As a child, my family ate lots of potatoes – never rice. Another house rule was to not buy anything made in Japan. When my Mom and I went shopping, we would purchase things and before going home, carefully inspect them for labels. All made in Japan labels had to be removed before we could bring things home.
My Grandmother talked to me about our family rules once. She told me that Dad joined the service as a teenager and served in the Amphibian division of the Navy. One of his jobs was to take Marines to the shore so they could continue the war on the ground. My Dad was assigned to a small boat that landed with Marines; often he fought beside them as they made their way inland. This combat was gruesome, according to Grandma. Toward the end of the war, Dad fought with a group of Marines assigned to liberate soldiers held at a prisoner camp in Japan; Grandma said what he saw hurt him and he had trouble letting go. He also ate rice there, lots of rice while at the camp. This, she said, was why we didn’t eat rice and removed labels.
This seemed a reasonable explanation, so I accepted not eating rice and peeling off made in Japan labels. In high school, I had several Japanese-American friends and was reminded of my Grandma’s story. I didn’t bring my friends home or tell my parents their last names. I continued to hide all things Japanese from my Father.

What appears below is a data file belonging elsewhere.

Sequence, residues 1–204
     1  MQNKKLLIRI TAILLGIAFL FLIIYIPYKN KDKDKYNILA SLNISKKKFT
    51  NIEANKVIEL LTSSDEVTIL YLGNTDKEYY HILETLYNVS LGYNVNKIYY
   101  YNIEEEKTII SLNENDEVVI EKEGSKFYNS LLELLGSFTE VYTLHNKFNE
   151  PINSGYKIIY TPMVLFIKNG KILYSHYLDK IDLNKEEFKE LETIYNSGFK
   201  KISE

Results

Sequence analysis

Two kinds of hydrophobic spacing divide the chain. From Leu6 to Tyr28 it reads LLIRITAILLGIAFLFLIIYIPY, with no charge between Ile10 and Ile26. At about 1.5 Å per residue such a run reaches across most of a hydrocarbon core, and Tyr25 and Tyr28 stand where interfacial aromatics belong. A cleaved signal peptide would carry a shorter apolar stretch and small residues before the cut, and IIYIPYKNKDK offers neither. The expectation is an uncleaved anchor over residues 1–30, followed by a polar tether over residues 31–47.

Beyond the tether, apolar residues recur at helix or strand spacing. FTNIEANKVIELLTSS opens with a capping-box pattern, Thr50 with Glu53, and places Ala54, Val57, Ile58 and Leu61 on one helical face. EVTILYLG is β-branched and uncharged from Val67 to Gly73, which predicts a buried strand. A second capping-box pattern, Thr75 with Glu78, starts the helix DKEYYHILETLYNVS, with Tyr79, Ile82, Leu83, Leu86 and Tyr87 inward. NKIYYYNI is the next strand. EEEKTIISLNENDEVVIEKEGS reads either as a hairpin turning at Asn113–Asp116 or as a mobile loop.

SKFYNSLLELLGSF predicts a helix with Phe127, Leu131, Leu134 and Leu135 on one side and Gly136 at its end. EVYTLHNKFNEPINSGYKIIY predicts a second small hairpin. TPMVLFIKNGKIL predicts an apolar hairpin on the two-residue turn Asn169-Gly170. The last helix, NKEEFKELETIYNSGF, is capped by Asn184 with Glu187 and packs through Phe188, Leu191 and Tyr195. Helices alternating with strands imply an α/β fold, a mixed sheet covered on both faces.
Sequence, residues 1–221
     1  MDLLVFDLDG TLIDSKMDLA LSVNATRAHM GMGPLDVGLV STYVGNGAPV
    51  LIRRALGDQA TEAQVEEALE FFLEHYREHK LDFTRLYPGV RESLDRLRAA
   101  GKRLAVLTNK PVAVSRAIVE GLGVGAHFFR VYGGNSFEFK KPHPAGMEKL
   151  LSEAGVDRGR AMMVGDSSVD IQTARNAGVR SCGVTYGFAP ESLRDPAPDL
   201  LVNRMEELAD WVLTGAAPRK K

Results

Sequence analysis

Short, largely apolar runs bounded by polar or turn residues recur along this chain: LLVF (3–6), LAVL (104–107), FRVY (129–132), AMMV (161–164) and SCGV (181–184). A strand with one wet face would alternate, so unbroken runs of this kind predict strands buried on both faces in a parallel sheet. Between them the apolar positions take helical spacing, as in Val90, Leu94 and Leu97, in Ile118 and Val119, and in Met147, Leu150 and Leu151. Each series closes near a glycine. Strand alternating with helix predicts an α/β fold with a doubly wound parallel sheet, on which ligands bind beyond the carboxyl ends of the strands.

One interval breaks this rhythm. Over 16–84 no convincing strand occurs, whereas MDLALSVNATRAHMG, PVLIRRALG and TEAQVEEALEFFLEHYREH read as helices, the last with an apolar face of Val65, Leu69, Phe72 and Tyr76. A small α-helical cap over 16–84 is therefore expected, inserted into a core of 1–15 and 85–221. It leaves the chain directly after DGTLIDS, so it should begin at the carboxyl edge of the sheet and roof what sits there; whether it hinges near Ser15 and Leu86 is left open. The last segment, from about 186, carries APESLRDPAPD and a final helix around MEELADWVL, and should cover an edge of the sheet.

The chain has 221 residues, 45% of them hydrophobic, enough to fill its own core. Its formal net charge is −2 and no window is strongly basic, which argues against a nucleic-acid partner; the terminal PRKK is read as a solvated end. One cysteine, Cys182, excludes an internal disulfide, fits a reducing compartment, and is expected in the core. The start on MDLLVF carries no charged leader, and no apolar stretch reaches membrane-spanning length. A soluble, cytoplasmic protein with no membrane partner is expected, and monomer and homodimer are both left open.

My sister started high school soon after I graduated. She is a free spirit, living life in the now with blinders on much of the time. The “rules” were not on her radar. In high school, she, too, made Japanese-American friends. She invited her friends to our house. They were silly, fun girls who spent their time playing games and laughing. I watched my Father when they arrived. He would leave the house as her friends came to the door, staying in his garage shop until they left. This continued for two years.
During my sister’s senior year she was elected president of Asian Club and our house became a gathering place the club; they called her “Millermoto.” With more people in the house, Dad would sneak in the house. He’d sit in the kitchen and listen to the conversations and laughter. One time I found him chuckling at some of the things my sister’s friends were talking about. Eventually, he poked his head around the corner to watch. He looked at my sister and her Japanese-American friends and smiled – finally, my Dad was introduced to the frequent houseguests.
Since then, my Dad has learned to eat with chopsticks, enjoys Japanese restaurants and my Mom serves rice! I am so proud of my Dad; he changed, grew and healed a little. I am thankful my sister was unaware of the rules and brought her friends into our lives. Now, I believe in potatoes – and rice.
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